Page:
Resource Optimization


Managers continue to improve their use of data to better align staffing with changing workload. There were 583,908 career employees at the end of 2010, which is 39,220 fewer than last year. There were also 87,779 noncareer employees. Reductions occurred in bargaining and nonbargaining categories and managers continue to plan for steady employee attrition by repositioning employees based on current and future resource requirements.

Approximately 75 million work hours were saved in 2010. This is in addition to 115 million hours reduced the previous year, 50 million hours in 2008, and 36 million hours in 2007. Over four years, the Postal Service achieved a total reduction of 276 million work hours, the equivalent of 157,000 full-time employees.

In customer service operations, scheduling improvements were the lead factor in saving 18 million work hours. In city delivery, 1,108 routes were eliminated, in addition to pivoting open routes and managing work hour variances, which contributed to savings of 16 million work hours. The number of delivery vehicles and related support costs were also reduced.

Mail Volume and Work Hour Reductions Change from 2009

mail volume and work hour reductions change from 2009


The Postal Service continuously monitors and adapts its processing and transportation networks to changing customer mailing patterns and mail volume fluctuations. For example, the volume of stamped Single-Piece First-Class Mail, which requires a high degree of processing, declined. In the same period, presorted First-Class Mail volumes decreased 3.8 percent. Ongoing adjustments to such changes are essential to maintaining optimal performance.

In December 2009, the Postal Service provided Congress with an annual update of the Network Plan, as required by the Postal Act. The plan highlighted three integrated elements of the optimization effort: closure of airport mail centers (AMCs), consolidation of redundant mail processing operation, and transformation of the bulk mail center (BMC) network. Two of the three efforts were completed in 2010 and the third — consolidation of redundant mail processing operations — is an ongoing effort.

The last AMC was closed in 2010, with operations relocated to other facilities. The other 12 AMC locations were reclassified as processing centers or customer/retail units. AMC closures reflect the shift of more mail from air to surface transportation, which can substantially reduce costs without compromising service performance.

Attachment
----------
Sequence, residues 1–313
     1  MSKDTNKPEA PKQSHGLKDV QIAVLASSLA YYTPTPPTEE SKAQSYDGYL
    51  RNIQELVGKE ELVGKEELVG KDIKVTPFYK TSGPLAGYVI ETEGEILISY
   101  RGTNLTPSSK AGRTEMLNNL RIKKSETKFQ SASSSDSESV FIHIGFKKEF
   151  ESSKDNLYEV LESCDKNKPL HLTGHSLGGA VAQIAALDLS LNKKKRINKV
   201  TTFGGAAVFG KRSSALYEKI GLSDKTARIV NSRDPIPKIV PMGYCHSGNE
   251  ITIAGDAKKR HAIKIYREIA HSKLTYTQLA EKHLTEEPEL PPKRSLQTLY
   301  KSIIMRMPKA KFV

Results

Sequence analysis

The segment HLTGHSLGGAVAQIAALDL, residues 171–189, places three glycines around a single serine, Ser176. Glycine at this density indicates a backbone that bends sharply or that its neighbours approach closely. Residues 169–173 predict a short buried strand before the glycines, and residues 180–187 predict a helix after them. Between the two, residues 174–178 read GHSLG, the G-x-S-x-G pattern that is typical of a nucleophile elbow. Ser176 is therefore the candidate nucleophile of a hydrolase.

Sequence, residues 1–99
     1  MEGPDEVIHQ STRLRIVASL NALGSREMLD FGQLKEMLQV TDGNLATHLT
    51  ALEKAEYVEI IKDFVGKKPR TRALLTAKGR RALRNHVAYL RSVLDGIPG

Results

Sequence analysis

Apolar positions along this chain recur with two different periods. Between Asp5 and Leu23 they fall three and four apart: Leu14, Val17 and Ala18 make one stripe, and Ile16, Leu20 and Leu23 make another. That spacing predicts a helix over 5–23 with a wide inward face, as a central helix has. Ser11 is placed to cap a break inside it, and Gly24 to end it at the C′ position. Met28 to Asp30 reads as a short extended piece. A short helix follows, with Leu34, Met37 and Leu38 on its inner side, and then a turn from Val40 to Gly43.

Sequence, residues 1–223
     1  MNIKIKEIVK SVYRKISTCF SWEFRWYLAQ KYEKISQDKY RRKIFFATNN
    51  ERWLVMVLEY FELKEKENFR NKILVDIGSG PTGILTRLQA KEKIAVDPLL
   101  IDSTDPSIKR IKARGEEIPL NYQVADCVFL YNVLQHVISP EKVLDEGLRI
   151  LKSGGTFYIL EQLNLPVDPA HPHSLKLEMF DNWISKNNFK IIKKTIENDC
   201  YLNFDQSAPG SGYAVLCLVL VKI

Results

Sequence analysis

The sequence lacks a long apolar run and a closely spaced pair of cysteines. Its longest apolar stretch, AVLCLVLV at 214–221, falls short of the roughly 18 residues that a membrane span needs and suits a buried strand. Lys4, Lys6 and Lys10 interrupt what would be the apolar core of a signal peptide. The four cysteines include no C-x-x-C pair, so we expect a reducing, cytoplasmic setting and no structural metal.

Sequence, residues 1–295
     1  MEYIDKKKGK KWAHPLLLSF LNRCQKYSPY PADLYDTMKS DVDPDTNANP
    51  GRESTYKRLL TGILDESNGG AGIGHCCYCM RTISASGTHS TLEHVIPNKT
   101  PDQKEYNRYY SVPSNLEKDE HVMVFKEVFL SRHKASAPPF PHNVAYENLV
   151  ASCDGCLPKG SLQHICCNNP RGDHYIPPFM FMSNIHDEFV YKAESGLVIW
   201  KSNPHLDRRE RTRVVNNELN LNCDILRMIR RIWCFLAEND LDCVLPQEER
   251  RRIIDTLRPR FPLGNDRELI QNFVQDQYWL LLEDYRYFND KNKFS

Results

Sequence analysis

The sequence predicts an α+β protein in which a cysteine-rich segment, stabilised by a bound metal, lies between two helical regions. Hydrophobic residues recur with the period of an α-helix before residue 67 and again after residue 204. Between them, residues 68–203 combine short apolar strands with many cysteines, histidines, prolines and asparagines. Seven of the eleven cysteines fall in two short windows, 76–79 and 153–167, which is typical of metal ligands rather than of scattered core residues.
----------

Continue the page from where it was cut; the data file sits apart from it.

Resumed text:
Consolidation of outgoing and/or incoming processing operations is considered when service objectives can be met and operational efficiency improved. Following Area Mail Processing (AMP) guidelines, 37 new AMP feasibility studies were initiated this year, and 35 AMP consolidations were implemented for total savings of over $99 million.

Transformation of BMCs into network distribution centers (NDCs) was completed in 2010. The transition to the reconfigured NDCs is an excellent illustration of the potential of consolidating networks. NDCs process surface mail at fewer facilities and optimize ground transportation. In addition to producing service gains, especially for Periodicals, the changes reduce costs by improving mail preparation, trailer loading, and dispatch. Key steps to prepare for the network change included implementation of new package handling processes at local Post Offices, changes in transportation routing and contracts, reorganized platform operations, revised distribution schemes, and revised staffing and schedules to match workload changes. Implementation of the NDC network conversion was completed in early March, seven months ahead of schedule. It is estimated to produce $135 million in annual transportation savings and $75 million in labor savings.

In other areas, improved addressing and recognition technology continues to reduce the need for remote encoding centers (RECs), specialized facilities where people key in address information for mail than cannot be “read” by automated equipment. In the last decade process improvements allowed reductions to the original 55 RECs. With the closure of one REC this year, only two remain in operation.

Mail transport equipment service centers, operated under contract, process and repackage equipment such as letter trays, flat tubs, sacks, and pallets. Eight of 23 centers were closed in 2010. This major optimization effort was accomplished without disruption and will save $75 million annually.